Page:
Playing the long game: An exciting discovery in telomere disease

Becca Hudson in her college cheerleading costume with pompom and megaphone.
Becca Hudson has a telomere disease: Her chromosomes' protective caps have shortened prematurely. After a bone marrow transplant, she was able to return to cheerleading, though she says, “my body thinks it’s older than it actually is.” New research suggests a possible treatment to build telomeres back up and reverse cellular aging.

Each time our cells divide, the protective caps that keep our chromosomes from fraying, called telomeres, lose a bit of their DNA. Telomeres shorten steadily as we age, but in certain medical conditions like dyskeratosis congenita, the process is accelerated.

“Your telomeres determine your lifeline; how long they are determines how old your body is,” says Becca Hudson, who was diagnosed with dyskeratosis congenita at age 14. “My telomere length was below the first percentile for my age.”

A failing bone marrow

Trying out for cheerleading, 14-year-old Becca was pulled when testing found something amiss with her blood work. She had very low counts of platelets, red cells, and white cells. Her doctor called later that day and said she should be admitted that night to Boston Children’s Hospital.

Becca’s bone marrow was failing, unable to keep up with her need for healthy blood cells. She was first diagnosed with aplastic anemia. Later, a telomere length test led to the diagnosis of dyskeratosis congenita. Becca’s is one of about 300 cases known in the U.S.

Within months, in January 2015, Becca underwent a bone marrow transplant. She received an infusion of blood stem cells from a healthy donor through a protocol developed by her hematologist, Suneet Agarwal, MD, PhD, in the Dana-Farber/Boston Children’s Cancer and Blood Disorders Center.

Becca in the Hematopoietic Stem Cell Transplant unit, wearing a surgical mask and her cheerleading bow.
Becca wore her high school cheerleading bow every day in the hospital during her bone marrow transplant.

While the transplant helped normalize Becca’s blood system, it didn’t slow down the shortening of telomeres in all her tissues. Although she has avoided serious complications of dyskeratosis congenita, such as liver disease or lung scarring, she suffers from a minor heart condition and joint pains.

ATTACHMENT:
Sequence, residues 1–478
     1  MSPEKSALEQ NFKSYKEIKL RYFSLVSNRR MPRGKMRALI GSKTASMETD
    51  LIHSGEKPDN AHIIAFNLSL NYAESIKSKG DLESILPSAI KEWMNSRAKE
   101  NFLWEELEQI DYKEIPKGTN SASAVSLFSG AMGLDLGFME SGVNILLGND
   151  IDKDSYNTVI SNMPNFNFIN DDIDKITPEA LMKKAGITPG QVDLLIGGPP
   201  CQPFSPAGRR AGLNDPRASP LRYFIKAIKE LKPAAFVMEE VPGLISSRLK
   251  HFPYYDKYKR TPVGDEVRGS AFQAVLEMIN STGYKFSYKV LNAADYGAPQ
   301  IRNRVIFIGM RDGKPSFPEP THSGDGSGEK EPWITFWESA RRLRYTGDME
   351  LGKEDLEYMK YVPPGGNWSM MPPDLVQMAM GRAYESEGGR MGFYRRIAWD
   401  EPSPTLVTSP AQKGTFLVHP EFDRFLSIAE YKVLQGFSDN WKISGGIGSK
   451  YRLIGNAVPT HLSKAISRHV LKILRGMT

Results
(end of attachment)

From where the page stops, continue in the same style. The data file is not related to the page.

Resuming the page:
“I describe it as an aging disorder,” says Becca, now 23 and just graduated from college. “My body thinks it’s older than it actually is. I’m grateful every day that I don’t have the worst of it.”

Extending telomere life

For more than a decade, Agarwal has looked for a way to lengthen telomeres and turn back the cellular aging process. Much of his lab’s work has focused on telomerase, an enzyme that builds telomeres back up, and how genetic mutations affect factors that make up telomerase or regulate it.

Now, taking an entirely different approach, Agarwal and Will Mannherz, an MD-PhD student in his lab, have zeroed in on a surprisingly effective way to lengthen telomeres — one that could be tested clinically relatively soon.

a series of four chromosomes showing telomeres getting longer and longer
A newly identified treatment could lengthen telomeres that have shortened prematurely. (Illustration: Sebastian Stankiewicz, Boston Children’s Hospital)

Using CRISPR editing, the researchers systematically knocked out genes in the genome one by one, looking for factors involved in telomere maintenance.

That revealed a surprising ingredient and potential therapeutic. As described recently in Nature Genetics, adding the compound thymidine lengthened telomeres dramatically in cell lines and in stem cells made from patients with dyskeratosis congenita.

Thymidine is one of four different nucleotides or “letters” of DNA, also known as bases, together with adenine, cytosine, and guanine.

“Nucleotides are what telomeres are made of,” says Mannherz. “We looked at all different combinations of nucleotides, and with every combination that had thymidine in it, telomeres were longer.”

Clinical trial planned

Serendipitously, thymidine has already been found safe and is being used in clinical trials for thymidine kinase 2 deficiency, another rare disease that weakens muscles. Agarwal, co-program leader for the Stem Cell Transplant Program at Boston Children’s, anticipates he could begin offering thymidine treatment to patients with telomere disease within a year or so. Eventually, he and his colleagues hope to establish a new treatment center focused on telomere diseases.

“We have many patients who are waiting for answers beyond bone marrow transplantation, which is only for the blood problems,” he says. “Because thymidine is already used and appears to be safe, we may save years compared to traditional drug development and de-risking.”

Becca, who has known Agarwal since her diagnosis, is excited by the prospect of trying thymidine. She’s long been involved in his research studies, donating blood and skin cells, and hopes to remain his patient as she transitions to adulthood.

“Sign me up!” she says. “If he does start a trial, I’m definitely going to try to jump in there.”

Learn about the Bone Marrow Failure and Myelodysplastic Syndrome Program at Boston Children’s.

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